Christological heresy of the fourth century, based on the teaching of Apollinarius, Bishop of Laodicea (c. 310-c. 390). Apollinarius held that Christ had no human spirit. The Divine Logos was believed to take the place of the human spirit in Christ. Christ thus was understood to be fully divine but less than fully human. Apollinarianism was opposed by Gregory of Nazianzus and Gregory of Nyssa. It was condemned by the General Council of Constantinople I (381).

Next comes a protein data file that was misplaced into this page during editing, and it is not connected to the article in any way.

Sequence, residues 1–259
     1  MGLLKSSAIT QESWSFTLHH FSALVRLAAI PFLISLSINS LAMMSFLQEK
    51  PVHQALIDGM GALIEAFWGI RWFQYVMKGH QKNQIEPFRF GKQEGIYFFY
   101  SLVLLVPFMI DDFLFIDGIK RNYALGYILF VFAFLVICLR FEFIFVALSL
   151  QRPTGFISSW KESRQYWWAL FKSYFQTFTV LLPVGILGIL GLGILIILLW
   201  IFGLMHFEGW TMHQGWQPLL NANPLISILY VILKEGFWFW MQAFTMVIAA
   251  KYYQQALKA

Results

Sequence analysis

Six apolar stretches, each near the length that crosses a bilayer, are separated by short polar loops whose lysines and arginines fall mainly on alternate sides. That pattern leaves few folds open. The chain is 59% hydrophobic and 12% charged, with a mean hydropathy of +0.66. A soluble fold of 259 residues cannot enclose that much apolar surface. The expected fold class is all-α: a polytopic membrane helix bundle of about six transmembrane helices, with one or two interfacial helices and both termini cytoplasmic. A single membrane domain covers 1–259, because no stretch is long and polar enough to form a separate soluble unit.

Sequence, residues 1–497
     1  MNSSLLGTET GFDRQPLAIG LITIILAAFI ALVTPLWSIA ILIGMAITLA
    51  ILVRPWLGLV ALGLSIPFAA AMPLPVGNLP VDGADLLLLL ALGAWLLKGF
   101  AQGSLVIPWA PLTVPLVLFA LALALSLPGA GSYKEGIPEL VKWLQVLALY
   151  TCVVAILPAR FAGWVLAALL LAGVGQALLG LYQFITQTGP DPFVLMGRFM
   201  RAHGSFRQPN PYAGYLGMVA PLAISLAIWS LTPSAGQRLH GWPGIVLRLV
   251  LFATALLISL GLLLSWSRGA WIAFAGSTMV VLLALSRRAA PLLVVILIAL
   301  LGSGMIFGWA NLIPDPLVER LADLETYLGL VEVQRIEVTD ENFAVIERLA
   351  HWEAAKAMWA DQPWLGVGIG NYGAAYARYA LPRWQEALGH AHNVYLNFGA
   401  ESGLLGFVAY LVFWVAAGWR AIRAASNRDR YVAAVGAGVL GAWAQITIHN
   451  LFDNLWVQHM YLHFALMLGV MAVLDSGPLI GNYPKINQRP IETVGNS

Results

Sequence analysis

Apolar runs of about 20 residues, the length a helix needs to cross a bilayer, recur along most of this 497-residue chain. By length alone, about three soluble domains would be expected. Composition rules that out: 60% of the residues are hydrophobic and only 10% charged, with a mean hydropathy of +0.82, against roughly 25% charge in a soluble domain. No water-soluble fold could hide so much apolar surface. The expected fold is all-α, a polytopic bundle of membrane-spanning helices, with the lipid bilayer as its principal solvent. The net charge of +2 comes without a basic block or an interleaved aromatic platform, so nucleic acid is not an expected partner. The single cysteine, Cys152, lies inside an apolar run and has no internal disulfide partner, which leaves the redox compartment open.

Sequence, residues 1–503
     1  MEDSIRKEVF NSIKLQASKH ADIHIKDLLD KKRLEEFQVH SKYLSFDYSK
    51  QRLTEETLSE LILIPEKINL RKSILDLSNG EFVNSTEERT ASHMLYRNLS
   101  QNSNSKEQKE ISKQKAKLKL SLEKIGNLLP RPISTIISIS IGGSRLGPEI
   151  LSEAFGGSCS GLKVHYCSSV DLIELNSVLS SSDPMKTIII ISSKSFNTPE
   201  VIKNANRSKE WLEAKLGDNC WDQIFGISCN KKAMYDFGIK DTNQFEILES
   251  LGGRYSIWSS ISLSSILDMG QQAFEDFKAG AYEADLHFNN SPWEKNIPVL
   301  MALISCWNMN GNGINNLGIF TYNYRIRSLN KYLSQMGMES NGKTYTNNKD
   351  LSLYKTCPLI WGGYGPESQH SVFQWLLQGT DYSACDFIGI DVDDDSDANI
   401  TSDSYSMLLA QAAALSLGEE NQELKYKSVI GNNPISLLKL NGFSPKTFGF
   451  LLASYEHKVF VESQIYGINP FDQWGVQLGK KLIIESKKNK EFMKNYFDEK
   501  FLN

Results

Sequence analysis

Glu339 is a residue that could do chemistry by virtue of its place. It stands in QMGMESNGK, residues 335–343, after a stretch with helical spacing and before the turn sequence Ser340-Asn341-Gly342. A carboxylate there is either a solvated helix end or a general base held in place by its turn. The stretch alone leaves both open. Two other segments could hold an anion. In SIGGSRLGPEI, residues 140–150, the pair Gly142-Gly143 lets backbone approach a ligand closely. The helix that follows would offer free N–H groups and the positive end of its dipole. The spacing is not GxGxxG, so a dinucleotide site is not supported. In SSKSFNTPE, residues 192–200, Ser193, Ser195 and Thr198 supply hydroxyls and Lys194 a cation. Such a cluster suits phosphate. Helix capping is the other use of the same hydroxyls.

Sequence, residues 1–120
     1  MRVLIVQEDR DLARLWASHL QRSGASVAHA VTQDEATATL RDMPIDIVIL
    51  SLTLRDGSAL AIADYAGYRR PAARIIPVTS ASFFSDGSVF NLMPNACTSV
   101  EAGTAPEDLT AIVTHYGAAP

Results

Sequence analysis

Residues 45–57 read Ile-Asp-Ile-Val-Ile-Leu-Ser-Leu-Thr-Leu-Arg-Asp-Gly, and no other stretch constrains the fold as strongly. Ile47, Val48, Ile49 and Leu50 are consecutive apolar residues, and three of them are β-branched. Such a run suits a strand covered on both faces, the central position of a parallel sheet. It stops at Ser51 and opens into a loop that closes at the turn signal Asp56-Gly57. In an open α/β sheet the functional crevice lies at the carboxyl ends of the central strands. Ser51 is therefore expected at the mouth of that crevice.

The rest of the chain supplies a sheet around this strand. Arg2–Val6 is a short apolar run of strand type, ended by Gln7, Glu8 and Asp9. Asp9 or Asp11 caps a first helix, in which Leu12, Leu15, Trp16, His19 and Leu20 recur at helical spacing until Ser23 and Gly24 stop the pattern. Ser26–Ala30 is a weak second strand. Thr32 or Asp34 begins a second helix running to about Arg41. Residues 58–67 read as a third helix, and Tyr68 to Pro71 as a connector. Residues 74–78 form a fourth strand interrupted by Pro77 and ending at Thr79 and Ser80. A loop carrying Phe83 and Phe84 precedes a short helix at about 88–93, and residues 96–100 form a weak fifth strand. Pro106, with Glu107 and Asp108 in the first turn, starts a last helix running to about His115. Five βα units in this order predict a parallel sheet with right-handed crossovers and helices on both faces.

Glossary definitions provided courtesy of Church Publishing Incorporated, New York, NY,(All Rights reserved) from “An Episcopal Dictionary of the Church, A User Friendly Reference for Episcopalians,” Don S. Armentrout and Robert Boak Slocum, editors.